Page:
Tuesday, January 25, 2011

Almost Christian

There is a lot of talk about this book. I think something similar was brought up a few years ago on White Horse Inn. I blogged about it on my old blog but it but we do need to be discussing it more. So the book is a great wake up call. What does it say?

You refer to this "moralistic therapeutic deism" quite a bit in your book. Can you unpack this term for us?

That's the name the NSYR came up with to describe the "belief system" of the majority of teens surveyed. The shorthand of moralistic therapeutic deism is that religion helps you feel good and do good, but God pretty much stays out of the way. Now, you can call on God if you need God to solve a problem, but God's track record on solving problems is pretty bad. So the primary God-images that the kids had were either as the "cosmic therapist" or the "divine butler." The therapist serves as the one who helps you feel good about yourself; the guidance counselor image comes to mind here when working with teenagers. The divine butler is somebody who comes when called upon but otherwise stays away. Those images were identified in the study as being dominant among teenagers. And that was very true with the teens I talked to as well. They believe that:
  • A God exists who created and orders the world and watches over human life on earth. 
  • God wants people to be good, nice, and fair to each other, as taught in the Bible and most world religions.
  • The central goal of life is to be happy and to feel good about oneself.
  • God does not need to be involved in my life except when I need God to resolve a problem.
  • Good people go to Heaven when they die.
So what is happening with the youth we are not losing to atheism is they are arriving at a very truncated version of the Christian faith. In fact it is a stretch to call it Christian. It includes Jesus and the cross but you could remove Him completely and not really have to change a thing. Jesus is not central or essential. But this is what most kids who are going every week to church believe. It is not what most of those churches preach. But most teens are watering down what they hear on Sundays with the feel-good morality of the culture.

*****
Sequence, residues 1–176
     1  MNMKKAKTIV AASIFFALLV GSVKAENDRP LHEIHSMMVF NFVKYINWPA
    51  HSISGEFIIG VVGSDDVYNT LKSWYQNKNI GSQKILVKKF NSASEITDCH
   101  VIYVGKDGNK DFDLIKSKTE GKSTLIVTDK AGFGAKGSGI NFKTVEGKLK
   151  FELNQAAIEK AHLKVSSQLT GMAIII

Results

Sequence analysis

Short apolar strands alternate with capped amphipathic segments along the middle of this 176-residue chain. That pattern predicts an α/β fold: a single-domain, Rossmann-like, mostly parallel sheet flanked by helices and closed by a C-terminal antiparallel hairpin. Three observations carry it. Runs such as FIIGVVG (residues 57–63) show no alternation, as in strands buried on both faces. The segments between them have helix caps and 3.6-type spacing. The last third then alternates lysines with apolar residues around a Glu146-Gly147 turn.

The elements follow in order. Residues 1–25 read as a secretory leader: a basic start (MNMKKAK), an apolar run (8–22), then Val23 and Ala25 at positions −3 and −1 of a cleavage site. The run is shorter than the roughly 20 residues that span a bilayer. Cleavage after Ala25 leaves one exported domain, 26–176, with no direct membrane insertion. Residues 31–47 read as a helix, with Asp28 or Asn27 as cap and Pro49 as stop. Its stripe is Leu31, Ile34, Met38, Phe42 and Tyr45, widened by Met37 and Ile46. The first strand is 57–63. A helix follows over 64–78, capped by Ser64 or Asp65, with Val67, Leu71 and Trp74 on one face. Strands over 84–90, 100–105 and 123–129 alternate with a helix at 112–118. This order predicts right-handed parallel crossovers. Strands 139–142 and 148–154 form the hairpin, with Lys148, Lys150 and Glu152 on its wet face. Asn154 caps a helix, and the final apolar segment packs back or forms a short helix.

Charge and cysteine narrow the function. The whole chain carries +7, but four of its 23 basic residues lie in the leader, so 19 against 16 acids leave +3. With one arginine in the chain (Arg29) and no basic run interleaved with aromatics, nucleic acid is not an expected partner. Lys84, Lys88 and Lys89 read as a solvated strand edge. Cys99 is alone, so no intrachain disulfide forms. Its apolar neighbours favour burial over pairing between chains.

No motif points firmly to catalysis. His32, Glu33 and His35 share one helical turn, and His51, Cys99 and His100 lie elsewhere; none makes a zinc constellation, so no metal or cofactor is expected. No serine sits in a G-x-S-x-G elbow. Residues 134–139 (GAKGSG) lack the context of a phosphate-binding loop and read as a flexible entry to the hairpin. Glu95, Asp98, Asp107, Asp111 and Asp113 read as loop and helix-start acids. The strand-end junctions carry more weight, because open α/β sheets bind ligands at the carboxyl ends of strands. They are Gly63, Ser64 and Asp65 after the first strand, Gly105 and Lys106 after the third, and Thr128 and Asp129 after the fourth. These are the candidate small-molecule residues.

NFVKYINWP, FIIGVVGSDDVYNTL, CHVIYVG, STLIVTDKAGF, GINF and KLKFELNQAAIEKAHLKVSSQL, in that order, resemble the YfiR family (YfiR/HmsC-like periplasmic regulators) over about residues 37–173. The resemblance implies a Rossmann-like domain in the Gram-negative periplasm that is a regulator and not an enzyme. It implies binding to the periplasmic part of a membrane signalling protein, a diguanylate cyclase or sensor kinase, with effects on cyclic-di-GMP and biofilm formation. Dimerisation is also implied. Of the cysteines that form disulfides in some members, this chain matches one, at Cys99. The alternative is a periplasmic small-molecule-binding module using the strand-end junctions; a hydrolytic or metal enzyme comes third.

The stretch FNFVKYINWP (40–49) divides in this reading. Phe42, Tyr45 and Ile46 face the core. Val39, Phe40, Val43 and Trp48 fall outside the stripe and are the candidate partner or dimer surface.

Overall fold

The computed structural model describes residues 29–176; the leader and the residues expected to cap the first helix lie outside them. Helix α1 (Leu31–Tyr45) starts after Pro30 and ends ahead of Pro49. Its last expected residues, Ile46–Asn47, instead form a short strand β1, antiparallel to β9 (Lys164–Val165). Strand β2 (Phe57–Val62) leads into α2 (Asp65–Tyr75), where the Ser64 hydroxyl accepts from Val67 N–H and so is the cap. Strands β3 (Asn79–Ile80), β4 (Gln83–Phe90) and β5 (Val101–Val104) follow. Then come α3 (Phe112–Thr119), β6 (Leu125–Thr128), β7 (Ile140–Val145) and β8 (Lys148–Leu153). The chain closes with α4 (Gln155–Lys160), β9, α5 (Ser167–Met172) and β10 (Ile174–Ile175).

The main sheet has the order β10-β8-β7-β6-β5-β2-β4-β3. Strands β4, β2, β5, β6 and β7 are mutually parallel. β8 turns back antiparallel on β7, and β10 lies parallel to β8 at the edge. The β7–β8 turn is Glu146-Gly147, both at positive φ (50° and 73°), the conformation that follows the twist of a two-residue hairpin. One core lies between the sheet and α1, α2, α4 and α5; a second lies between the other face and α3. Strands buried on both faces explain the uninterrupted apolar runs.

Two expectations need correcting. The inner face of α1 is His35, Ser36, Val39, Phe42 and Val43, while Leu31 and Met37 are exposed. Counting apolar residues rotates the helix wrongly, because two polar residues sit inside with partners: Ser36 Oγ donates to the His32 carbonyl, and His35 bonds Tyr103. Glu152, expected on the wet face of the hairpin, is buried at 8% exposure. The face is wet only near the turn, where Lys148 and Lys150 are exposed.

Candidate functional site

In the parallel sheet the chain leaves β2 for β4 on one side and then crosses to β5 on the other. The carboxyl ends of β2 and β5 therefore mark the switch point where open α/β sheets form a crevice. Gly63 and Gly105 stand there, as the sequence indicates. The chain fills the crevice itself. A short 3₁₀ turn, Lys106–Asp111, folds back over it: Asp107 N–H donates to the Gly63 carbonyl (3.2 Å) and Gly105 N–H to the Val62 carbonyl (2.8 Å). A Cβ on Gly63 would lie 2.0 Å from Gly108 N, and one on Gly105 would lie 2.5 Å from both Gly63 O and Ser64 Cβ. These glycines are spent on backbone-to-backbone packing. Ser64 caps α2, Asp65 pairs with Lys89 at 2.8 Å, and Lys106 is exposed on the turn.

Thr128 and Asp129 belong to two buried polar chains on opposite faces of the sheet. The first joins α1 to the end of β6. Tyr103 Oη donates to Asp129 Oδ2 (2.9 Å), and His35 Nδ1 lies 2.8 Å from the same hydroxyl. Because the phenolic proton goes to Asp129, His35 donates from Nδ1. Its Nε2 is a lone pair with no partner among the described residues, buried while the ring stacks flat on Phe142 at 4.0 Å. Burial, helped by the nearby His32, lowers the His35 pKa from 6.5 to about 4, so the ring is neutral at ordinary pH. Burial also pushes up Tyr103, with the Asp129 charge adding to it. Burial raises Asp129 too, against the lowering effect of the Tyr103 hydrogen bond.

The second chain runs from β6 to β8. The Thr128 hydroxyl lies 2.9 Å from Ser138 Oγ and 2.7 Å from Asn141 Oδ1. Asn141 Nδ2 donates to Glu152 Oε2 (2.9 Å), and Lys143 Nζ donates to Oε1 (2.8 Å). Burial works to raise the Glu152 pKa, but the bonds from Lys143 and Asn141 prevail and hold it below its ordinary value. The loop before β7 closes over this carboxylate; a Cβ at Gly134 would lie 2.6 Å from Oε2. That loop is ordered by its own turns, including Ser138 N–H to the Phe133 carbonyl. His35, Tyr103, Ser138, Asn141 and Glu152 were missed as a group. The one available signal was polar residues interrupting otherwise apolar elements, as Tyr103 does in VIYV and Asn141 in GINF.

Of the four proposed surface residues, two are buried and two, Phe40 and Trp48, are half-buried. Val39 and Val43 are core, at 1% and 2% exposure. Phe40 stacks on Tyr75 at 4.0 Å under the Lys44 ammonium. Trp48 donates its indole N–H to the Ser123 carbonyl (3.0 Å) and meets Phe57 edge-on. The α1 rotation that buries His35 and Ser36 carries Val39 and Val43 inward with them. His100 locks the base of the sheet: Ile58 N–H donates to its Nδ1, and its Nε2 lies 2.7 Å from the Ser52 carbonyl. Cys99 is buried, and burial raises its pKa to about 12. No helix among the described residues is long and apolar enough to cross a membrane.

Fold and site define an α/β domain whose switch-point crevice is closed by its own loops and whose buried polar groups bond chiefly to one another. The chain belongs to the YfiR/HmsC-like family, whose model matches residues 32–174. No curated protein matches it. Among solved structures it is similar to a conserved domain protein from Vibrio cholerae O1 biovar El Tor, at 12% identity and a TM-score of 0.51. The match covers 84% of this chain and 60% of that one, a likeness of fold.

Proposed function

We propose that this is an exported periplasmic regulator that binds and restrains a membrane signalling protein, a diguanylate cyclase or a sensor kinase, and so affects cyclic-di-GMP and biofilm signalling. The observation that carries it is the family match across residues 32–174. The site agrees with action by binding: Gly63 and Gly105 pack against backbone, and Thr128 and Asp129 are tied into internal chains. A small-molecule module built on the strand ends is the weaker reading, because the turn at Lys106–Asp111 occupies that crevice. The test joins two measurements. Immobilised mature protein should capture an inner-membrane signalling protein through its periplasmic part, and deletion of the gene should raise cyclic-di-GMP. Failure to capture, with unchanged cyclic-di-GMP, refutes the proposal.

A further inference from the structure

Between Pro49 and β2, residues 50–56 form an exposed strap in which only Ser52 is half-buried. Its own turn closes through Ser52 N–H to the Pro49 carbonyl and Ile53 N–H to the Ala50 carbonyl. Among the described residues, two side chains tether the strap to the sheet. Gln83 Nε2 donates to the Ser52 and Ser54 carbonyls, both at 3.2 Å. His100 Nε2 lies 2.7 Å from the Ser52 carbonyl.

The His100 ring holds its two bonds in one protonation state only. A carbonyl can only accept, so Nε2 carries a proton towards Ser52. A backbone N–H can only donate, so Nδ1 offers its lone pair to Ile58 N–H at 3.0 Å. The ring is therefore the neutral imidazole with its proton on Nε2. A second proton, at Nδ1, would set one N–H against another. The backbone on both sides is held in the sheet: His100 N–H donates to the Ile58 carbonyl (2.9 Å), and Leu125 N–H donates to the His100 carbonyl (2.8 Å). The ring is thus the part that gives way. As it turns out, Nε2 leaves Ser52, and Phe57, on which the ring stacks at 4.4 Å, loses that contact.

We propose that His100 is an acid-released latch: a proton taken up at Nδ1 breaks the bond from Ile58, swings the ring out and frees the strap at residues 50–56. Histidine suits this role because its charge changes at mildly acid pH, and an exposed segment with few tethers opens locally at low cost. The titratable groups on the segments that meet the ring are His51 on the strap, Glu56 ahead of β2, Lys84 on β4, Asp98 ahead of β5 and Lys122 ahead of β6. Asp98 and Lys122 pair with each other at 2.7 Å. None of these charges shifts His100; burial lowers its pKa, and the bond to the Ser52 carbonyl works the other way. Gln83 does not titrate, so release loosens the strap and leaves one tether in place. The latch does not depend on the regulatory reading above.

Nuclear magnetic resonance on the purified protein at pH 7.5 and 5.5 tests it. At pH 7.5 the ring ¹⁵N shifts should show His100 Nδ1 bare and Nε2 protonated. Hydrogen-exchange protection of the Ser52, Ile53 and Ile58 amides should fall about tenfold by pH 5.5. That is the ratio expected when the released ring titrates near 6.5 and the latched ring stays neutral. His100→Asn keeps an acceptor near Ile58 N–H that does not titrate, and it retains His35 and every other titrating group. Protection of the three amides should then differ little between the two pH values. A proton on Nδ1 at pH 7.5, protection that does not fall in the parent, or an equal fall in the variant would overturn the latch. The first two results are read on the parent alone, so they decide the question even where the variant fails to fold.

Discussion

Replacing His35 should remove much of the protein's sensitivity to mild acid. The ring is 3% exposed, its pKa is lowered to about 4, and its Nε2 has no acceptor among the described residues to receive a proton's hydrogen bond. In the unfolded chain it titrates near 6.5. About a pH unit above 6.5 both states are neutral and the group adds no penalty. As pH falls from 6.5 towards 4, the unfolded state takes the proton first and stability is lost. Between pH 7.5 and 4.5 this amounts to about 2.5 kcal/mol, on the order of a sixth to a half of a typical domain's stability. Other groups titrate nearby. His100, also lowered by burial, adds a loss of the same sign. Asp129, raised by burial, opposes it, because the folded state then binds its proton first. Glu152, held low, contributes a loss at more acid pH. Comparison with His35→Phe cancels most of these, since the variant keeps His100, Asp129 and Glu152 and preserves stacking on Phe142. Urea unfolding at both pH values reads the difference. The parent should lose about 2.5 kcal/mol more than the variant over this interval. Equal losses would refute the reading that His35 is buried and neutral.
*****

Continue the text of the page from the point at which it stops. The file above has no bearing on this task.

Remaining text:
Now when you get a wake-up call what do people do? They say the problem is the ideas I disagree with. They must somehow be causing this. The liberals blame the conservatives and vice-versa. It is difficult to do much with the Catholic numbers. I think the Catholic church is in flux so a single point in time piece of data would not tell us how the shift towards more orthodoxy is moving the numbers.

I am not even convinced that more people leaving the church is bad. People might be honestly seeing that they believe in moralistic therapeutic deism and that is different from Catholicism so they should leave. Some leave to become nothing and some leave to become protestants. But how many remain moralistic therapeutic deism followers?

But we do need to get better at proposing the Catholic faith and making clear exactly how it is better than moralistic therapeutic deism. Making the difference clear is step one. Making the difference appealing is harder. How do we do that?

The one thought I had was to tell people to do what they would do if the Catholic faith was really true. That sounds so simple it is insulting. But I don't think Catholic do this very well. Everyone who joins the church points this out. Catholics say they believe Jesus is truly present in the Eucharist. But do they celebrate the mass like that is true? Most don't even show up on any given Sunday. Kids have really good BS detectors. You say the Catholic church has the fullness of God's truth. Do we live that truth? Do we learn that truth? Do we even respect it?

The people who teach moralistic therapeutic deism really believe it. They live like it is true. They speak passionately about it. It is a pathetic theology. Just a small step from atheism. But a pathetic theology authentically believed is a lot more attractive than the gospel taught by hypocrites. If the Catholic faith is true it is worth dying for. Our youth can see that. But they can also see most Catholics are a long way from being willing to die for their faith. Most priests are a long way from challenging anyone to get ready. So what are they going to believe? It is easier to believe their parents were smart enough not to go all in on false faith. Nobody wants to believe their parents betrayed the true faith.

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